Unit assignment, testers, and statistical techniques
The allocation of men to military duties was traditionally the task of the officer class (see White, 1968), but Yerkes persuaded the army to establish a school of military psychology at Fort Oglethorpe, Georgia where "military psychology" staff would now be trained to take over that function. Most of these trainees were former graduate students in psychology or education (Boring, 1961). Upon completion of their 2 month training program in mental testing, 100 officers and over 300 enlisted men were dispersed to "Examining Units" in thirty-five army camps where over 1.7 million recruits were hurriedly subjected to group mental tests (Alpha or Beta). Approximately 83,000 borderline cases were also given additional individual tests. As the testing program progressed, more than 500 addition clerks were assigned to the staff (Baritz, 1960).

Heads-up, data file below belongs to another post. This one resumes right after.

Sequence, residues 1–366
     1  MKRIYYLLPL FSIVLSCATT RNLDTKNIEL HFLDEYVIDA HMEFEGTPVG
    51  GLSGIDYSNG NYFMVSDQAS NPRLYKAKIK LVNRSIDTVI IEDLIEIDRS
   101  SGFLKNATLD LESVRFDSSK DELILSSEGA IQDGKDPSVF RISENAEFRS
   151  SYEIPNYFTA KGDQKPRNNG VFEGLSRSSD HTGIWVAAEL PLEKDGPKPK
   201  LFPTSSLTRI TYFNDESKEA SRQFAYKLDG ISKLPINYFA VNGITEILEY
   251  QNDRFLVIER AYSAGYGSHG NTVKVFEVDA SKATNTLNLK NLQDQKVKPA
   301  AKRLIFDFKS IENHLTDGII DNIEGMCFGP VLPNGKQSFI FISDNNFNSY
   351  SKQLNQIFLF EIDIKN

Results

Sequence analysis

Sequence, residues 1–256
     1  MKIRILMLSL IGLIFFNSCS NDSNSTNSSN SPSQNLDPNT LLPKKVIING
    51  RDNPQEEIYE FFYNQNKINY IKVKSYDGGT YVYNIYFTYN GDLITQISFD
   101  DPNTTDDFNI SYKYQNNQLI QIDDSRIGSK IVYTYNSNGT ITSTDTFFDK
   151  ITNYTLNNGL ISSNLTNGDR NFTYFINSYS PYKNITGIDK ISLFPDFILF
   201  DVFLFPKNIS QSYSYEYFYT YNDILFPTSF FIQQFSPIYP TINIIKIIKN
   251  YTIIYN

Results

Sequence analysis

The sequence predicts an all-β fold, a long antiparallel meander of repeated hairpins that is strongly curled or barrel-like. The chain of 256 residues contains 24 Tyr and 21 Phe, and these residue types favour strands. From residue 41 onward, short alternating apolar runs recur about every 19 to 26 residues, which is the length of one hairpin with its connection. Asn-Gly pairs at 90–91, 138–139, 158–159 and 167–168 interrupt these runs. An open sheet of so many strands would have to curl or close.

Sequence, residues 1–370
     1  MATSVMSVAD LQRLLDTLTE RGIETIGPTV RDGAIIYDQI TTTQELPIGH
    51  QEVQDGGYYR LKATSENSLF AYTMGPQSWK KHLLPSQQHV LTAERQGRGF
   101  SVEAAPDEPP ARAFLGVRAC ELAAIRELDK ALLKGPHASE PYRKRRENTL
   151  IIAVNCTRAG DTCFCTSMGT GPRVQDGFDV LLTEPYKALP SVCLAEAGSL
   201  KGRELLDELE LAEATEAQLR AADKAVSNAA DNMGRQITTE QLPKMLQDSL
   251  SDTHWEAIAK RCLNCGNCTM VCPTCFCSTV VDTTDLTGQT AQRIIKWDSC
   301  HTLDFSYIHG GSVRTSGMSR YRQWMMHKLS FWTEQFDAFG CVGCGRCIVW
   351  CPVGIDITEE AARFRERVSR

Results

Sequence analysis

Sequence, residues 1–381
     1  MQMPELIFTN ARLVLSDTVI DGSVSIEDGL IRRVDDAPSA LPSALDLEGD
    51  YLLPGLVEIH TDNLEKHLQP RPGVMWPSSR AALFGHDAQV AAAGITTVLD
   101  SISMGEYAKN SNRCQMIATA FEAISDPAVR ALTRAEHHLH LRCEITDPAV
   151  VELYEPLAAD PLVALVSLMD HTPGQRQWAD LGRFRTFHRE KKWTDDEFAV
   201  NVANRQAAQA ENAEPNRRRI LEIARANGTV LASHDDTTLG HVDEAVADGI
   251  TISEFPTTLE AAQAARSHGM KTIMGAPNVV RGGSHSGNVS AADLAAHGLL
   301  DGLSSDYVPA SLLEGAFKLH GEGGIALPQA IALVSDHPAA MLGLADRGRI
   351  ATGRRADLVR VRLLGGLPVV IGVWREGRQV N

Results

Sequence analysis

With regard to recording the comparative ranking of test performance, Brigham (1923) reports the following: For categorical "army purposes" the three different scales (Alpha, Beta, Individual) were converted into one "general scale" of letter grades (A, B, C+, C, C-, D, D-, E) to categorize each recruit. On the assumption that a high test score meant not only ability to learn specialized skills, but resourcefulness and adaptability to changing circumstances the following military occupation assignments were recommended: Those with the lowest letter grade ("E" men) were designated unfit for service and dismissed or recommended for additional individual tests. The second and third lowest groups (about 15%) of those accepted, were assigned to simple work under careful supervision. The middle groups (C- and C men) were assigned to regular soldier duties. Men in the third group from the top (15%) were trained as noncommissioned officers, responsible for overseeing routine work details in their Companies. Finally, the top two groups (10%) were recommended for Officer Training (Terman, 1918). These alphabetical categories were used by Yerkes to justify the face validity of the W.W. I tests. That is, they show the Army that (on average) performance on the test could be used to assign men to military roles.